Volume 6 Number 1
Bone Bouquet is a biannual print journal that features poetry by women writers. The Spring 2015 issue includes a varied range of voices and styles, and a satisfying selection of creative forms. The speakers throughout are strong, self-aware, and are unafraid to expose their flaws. This slim volume covers topics of grief, loss, and self-consciousness, while also displaying the beauty of language through several complex descriptions of the surrounding world. Bone Bouquet is a biannual print journal that features poetry by women writers. The Spring 2015 issue includes a varied range of voices and styles, and a satisfying selection of creative forms. The speakers throughout are strong, self-aware, and are unafraid to expose their flaws. This slim volume covers topics of grief, loss, and self-consciousness, while also displaying the beauty of language through several complex descriptions of the surrounding world.
Issue 6.1 features several poems that face difficult topics head on. We see this depicted in the first poem, “Polaroid of Blue Human Condition,” by Katie Jean Shinkle. The poem is constructed in five stanzas or “figures,” and begins:
Figure No. 1 a kind of vacancy,
only a caw can have, cry on a holiday morning,
with a dog & husband, on top of a hill
The first line tells readers that something is missing, but the rest of the poem confirms it. The first stanza evokes a somber image. The extra spacing throughout the poem visually creates a vacancy of its own, encouraging the reader to pause between lines, and gives tangible form to the hollowness depicted throughout the poem. We soon learn the root of the “vacancy”:
spring where daughter, would be one year,
& you cannot imagine anymore springtime
The grief of a tragedy and the stages of healing that follow set the tone for an issue that is powerful, poignant, and varied in topic.
There is an atmosphere of restlessness in “They Said They Wanted to Be Fed” by C.F. Sibley. The poem is presented from the perspective of a girl in pigtails, as she recalls being visited in her home by strangers. The title itself suggests that this is not an innocent visit, and the imagery evokes a rural, secluded atmosphere. Powerful descriptions of one visitor’s “new mustache like two fat daggers,” the window “jagged with frost,” and the father’s “wire arms” work together to portray the reality of the situation. It is never exactly clear what the visitors’ true objective is, but readers know that it is more dire than a simple desire to be fed, as the title suggests. The poem ends as the father bends to put fire in the stove:
. . . He feels my eyes, shakes his head slowly
like a sow in the habit of waking to find
another of her litter missing.
They took my sister first.
The poem ends with a final line that produces more questions than it answers. As readers, we are left to piece together what clues we are given. The open-endedness is both startling and captivating.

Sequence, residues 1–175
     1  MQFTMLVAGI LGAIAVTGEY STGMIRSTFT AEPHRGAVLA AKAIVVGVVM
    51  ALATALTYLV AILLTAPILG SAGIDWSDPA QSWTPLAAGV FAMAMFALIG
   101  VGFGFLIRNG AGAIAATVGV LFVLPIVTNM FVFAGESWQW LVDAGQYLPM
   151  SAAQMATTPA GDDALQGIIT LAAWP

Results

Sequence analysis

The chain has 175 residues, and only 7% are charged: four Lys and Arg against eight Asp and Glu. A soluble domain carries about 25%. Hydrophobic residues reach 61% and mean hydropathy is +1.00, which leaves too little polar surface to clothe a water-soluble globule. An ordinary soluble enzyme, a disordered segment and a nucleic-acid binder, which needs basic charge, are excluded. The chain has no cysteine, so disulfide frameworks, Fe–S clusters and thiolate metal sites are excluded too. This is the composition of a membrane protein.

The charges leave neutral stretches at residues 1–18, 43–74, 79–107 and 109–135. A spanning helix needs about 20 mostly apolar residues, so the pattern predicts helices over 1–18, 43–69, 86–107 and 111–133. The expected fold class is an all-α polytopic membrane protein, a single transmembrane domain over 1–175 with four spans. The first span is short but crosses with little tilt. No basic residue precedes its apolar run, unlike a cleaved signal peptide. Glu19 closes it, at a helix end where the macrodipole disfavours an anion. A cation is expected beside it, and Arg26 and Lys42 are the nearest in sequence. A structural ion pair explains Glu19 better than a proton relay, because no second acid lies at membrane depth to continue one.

Anastacia Tolbert’s appropriately-named poem “Multiple Choice” illustrates to readers the complexity of language. Words—the ones chosen here are “shelter,” “lump,” and “death”—have several meanings and connotations, and these vary from person to person, and experience to experience. Each of the three words is accompanied by three descriptions, labeled a., b., and c. The first selection for each word describes a specific memory or recollection. For “shelter,” readers are introduced into a memory of a young girl’s birthday at a homeless shelter, where a small act of kindness by the shelter librarian—a gifted fish fillet and mixed CD—impacts the girl beyond measure:
& you felt like that shelter
librarian was your fairy god mother. & you wanted to call her
god. & you wanted to prostrate yourself—fall on your brand x
lotion knees, give her something, anything from inside yourself
to tell her thank you.
The memory is personal, powerful, and unique. For many, the word “shelter” may mean little, but for the speaker, a profound memory is summoned. The next description for each term is the literal or “dictionary definition” of each word. “Lump” is described as “a compact mass of a substance, especially one without a definite / or regular shape.” The third choice is another description of the term. For “death,” it is “The ends beginning.” For “shelter,” it is “the safe place you miss called grandmothers house.” “Multiple Choice” uses a familiar yet unexpected form to remind readers that within each word exists a realm of possible definitions, meanings, and connotations.
The poetry in Issue 6.1 of Bone Bouquet is rich with impactful works of poetry by women. The speakers throughout are powerful, yet willing to share their flaws. Many poems are both delightful and strange, and the images throughout are often dizzying and beautiful all at once. The volume hits on a satisfying range of voices, styles, and subject matter, and even includes some book reviews at the end for those searching for further reading.